I stepped out of the cool air conditioned car to find myself in Villa Mella, or what could best be described as a sauna. It was nearly 90 degrees and well over 90% humidity. For this Portland native, being drenched in sweat had become the new reality of life.
The landscape flourished with life. Fruit trees, grass fields, mangoes as far as the eye could see—and still there was destruction in its midst. Cardboard houses with scrap metal for walls, children with no clothes playing games in the trash-filled dirt roadway, and a seemingly endless amount of stray dogs hoping to find leftover food.
With a stack of gospel tracks in my hand I was ready to conquer the world for Jesus.
The gospel tracks were my way of insulating myself from the people around me. It seemed easier to extend a pamphlet than a hand.
Santo Domingo, the capital city of the Dominican Republic, had been my home for the previous 2 weeks. I had been spending time with a friend who had made the island and city his home for several years. The majority of my time was spent with upper class students who could afford to go to one of the most prestigious private schools in the city. One student’s father ran the military, and another student’s father traveled around the world for his business. As the children of these powerful men, they were being groomed as the future leaders of the country.
Yet all of these students had one thing in common: None of them had ever been to Villa Mella, the part of town where I found myself this day, only 30 minutes from their classroom.
Villa Mella was the “Third World” part of this Third World Country.
Shacks for homes. No running water. No electricity.
Chickens and pigs kept in pens were the clear food source of the future.
On paper my experience those weeks in the DR was one of poverty and pain juxtaposed with prosperity and comfort.
But not everything is as meets the eye.
When I asked the private school students why none of them had ever been to the outskirts of town I received the answer of, “There’s nothing to do out there,” and “I hear it’s a depressing place to go.”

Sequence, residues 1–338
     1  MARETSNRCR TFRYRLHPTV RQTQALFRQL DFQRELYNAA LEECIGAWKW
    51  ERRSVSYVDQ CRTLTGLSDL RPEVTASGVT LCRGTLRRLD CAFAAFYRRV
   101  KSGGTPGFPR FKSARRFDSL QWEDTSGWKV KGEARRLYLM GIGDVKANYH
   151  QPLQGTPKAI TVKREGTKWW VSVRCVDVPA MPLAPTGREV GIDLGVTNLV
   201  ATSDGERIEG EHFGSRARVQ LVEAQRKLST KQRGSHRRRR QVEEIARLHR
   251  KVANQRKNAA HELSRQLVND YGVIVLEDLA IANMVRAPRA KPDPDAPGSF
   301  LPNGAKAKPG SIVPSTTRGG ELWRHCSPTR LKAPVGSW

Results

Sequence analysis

I couldn’t blame the students. I didn’t want to leave the air conditioned classroom with fresh food just down the hallway. I was barely comfortable giving these people a piece of paper, much less opening up my life to them.
Yet I found more life in my walking around Villa Mella than I ever found among the wealthy citizens in the urban areas of the city. They displayed such gratefulness as I delivered water to their door. Their kids had the kind of joy I only displayed on a Christmas morning. Where did this vivaciousness come from? How could those with so little act as if they had so much?
It would be easy to see this story with me being just another American kid who went to a poor country and was convicted about how blessed he was. Good thing the story isn’t over or that would be true.
Some trips teach us lessons well after we return to our lives at home. I never knew that a group of young boys would teach me an important lesson about life while we played a game of baseball in a random field next to the hundreds of shacks that were their homes in Villa Mella.
Years later the lesson is starting to become clearer for me:
When we shelter ourselves from the brokenness of life, we miss out on its beauty too.
(This post is a piece of Prodigal Magazine’s Travel Stories, make sure to check out the other great stories as well)